Sunday, December 13, 2009


By: Deric Muhammad

( - They play tough positions on professional football teams, hold high political offices, supervise construction shifts and preach in the pulpits of spiritual places of worship. They are leaders of street organizations, captains of corporate industry, hard-core rap stars and short-order cooks. Who are they? They are Black males who were molested as boys.

While the rape and molestation of females has spawned a plethora of preventive programs and inspired international dialogue, the ever increasing rape of young boys is still a taboo subject. Statistics say that the abuse of young boys is on the rise, but I wonder how accurate those stats could be given the fact that most men who have been abused would never discuss or admit it.

As a Black male in America I have never had a friend, associate or family member confess that they were sexually abused. As an activist, I have assisted many with different types of criminal cases, social issues and problems. However, I have never received a phone call from a male stating that he had been sexually violated. It can be likened to the proverbial bowling ball underneath the living room rug; you can't see it, but you can't stop tripping over it.

How many Black men walk the streets of America suffering from such an unfortunate past? How many of them fear society's ridicule if they should choose to talk about it? How many sick molesters of boys depend on this very fear to remain unpunished and continue their victimization of the innocent? And how much of financial resources, time, energy and organization is being invested in programs that identify, support and promote the healing of men who were molested as children?


"Too often the pain and embarrassment of the community is made to be more important than the pain of the victim. So while we are able to put on a good face for the community in the end it comes back to haunt us."

Recently famed movie director/actor/entrepreneur Tyler Perry personally went on record about being abused as a young boy. Hundreds of news reports quoted Perry's sentiments about a deceased man whose family asked that Perry pay for his funeral. Perry reportedly refused, but later regretted it. He said that there would have been something powerful about burying the man that molested him.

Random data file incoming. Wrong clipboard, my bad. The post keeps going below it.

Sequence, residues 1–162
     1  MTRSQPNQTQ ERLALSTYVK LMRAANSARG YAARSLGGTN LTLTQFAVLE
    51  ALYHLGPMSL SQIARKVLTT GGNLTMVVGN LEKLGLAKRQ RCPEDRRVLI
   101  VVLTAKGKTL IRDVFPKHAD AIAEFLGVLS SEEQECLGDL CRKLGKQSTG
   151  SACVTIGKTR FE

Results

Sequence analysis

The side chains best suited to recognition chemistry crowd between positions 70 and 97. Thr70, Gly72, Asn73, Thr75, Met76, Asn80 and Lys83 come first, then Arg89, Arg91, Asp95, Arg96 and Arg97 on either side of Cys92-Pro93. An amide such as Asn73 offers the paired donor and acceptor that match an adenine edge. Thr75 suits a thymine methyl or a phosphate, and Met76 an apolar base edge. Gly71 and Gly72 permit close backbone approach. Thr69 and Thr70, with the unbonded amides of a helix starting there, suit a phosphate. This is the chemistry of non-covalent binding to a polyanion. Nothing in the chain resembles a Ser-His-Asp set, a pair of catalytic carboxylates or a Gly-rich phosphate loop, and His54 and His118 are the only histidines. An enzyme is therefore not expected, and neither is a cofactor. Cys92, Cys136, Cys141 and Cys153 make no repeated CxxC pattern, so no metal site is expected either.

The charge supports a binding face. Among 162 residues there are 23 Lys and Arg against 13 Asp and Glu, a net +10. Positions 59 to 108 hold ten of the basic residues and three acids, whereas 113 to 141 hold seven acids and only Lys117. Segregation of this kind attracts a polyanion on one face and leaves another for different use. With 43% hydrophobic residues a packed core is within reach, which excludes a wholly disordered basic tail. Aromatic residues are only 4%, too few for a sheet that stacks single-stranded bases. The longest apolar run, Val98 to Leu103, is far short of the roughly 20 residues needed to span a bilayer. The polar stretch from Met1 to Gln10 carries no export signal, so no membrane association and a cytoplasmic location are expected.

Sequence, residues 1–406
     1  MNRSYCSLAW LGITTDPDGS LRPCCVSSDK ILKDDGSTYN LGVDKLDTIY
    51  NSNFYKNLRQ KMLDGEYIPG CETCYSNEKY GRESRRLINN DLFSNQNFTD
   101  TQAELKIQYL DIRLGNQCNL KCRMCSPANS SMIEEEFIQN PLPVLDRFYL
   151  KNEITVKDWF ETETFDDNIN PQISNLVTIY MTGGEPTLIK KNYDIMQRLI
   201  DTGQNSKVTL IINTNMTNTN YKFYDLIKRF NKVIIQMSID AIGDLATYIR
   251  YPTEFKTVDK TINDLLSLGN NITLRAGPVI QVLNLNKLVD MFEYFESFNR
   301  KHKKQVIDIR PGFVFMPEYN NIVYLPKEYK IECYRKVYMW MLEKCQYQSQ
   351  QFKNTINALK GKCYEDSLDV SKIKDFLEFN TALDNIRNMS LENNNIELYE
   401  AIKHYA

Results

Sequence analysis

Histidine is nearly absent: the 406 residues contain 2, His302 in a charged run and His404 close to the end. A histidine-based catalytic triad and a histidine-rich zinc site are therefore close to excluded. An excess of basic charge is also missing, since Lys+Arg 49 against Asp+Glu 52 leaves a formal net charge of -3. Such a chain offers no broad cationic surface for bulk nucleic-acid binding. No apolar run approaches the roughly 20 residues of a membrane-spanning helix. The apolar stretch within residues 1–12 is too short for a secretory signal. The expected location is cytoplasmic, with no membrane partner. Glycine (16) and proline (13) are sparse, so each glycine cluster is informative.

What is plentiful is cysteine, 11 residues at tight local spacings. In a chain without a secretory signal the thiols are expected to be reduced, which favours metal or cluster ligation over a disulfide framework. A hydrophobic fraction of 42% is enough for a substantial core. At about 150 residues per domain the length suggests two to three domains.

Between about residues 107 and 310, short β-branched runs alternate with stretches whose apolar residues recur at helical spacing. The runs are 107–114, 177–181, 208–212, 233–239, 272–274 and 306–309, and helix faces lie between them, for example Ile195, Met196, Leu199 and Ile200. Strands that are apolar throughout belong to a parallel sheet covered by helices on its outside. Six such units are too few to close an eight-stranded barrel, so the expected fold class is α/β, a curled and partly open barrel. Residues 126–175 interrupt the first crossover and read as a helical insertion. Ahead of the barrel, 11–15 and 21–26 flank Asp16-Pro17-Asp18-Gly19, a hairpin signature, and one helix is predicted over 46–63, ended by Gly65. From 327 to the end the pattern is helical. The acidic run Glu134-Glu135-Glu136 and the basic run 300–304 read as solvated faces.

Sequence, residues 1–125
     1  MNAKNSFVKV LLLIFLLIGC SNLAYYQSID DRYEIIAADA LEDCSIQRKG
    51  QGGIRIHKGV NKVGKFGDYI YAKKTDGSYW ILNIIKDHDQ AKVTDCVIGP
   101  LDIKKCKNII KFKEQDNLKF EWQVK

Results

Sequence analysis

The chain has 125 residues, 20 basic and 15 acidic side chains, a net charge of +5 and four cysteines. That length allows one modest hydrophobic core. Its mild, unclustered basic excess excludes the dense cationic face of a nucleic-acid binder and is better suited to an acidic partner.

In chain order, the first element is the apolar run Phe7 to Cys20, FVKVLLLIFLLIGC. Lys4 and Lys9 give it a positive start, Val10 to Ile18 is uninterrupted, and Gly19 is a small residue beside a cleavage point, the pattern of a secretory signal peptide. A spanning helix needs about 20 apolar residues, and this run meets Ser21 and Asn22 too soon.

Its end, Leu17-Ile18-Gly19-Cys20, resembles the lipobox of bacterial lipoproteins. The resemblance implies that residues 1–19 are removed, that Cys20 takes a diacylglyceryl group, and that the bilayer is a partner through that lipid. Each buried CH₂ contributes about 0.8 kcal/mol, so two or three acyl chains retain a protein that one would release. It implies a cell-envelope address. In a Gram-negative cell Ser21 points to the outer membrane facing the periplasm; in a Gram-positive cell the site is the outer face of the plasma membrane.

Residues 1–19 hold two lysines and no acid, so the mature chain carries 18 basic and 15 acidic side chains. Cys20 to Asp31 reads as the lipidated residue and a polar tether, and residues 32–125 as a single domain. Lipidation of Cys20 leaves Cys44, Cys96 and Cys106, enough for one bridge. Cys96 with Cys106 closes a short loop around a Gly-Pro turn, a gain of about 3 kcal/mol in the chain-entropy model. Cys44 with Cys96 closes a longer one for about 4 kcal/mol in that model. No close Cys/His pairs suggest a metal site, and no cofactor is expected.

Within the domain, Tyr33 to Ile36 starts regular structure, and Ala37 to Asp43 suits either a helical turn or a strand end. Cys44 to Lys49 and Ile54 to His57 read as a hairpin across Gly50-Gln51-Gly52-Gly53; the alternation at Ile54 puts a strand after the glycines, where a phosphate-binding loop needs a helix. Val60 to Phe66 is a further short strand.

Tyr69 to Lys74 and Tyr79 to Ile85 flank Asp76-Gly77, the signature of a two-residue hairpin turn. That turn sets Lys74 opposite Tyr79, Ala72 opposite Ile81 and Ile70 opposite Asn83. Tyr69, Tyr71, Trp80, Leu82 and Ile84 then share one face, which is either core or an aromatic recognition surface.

Whether people agreed with Perry's sentiments or not, you have to respect his courageous address of his past in hopes of inspiring someone else's future. Years ago Oprah Winfrey went public about details of her experience being molested as a young girl. The world showered her with sympathy and rallied around her in support. I wonder if Mr. Perry has received the same outpour considering he is a man. God forbid the same world that rallied around Oprah secretly sees Mr. Perry as a weak human being because of his reported past.

While the Catholic Church has for years been marred by scandal on top of scandal surrounding this issue, I contend that child molestation has no religion. While it happens every day in the Black community, it is very seldom discussed. Too often the pain and embarrassment of the community is made to be more important than the pain of the victim. So while we are able to put on a good face for the community in the end it comes back to haunt us.

Psychologists say that boys who have been molested tend to suffer from depression, repressed anger, emotional confusion and fear. Many suffer from identity crises, drug addiction, alcoholism and the inability to maintain good relationships. Many go on to become molesters themselves repeating the very horrific acts that inflicted such great pain in their lives. Some end up committing suicide leaving their families with unanswered questions and visible teardrops.

While it should be clear that we as a community must do more to protect our young girls from rape and molestation, we must not forget to sharpen our collective eye to protect our boys. We must be mindful of their surroundings at all times and be careful whose hands we leave them in.

Parents must teach little boys regarding appropriate contact versus inappropriate contact with others. This conversation is no longer just reserved for little girls.

If you are a man who has suffered this kind of abuse, seek refuge in God for He is the master healer of all wounds. Be encouraged and know that the abuse from your past makes you no less of a man. As a matter of fact, your strength to persevere in the name of God makes you greater than most men. Much respect to Tyler Perry.

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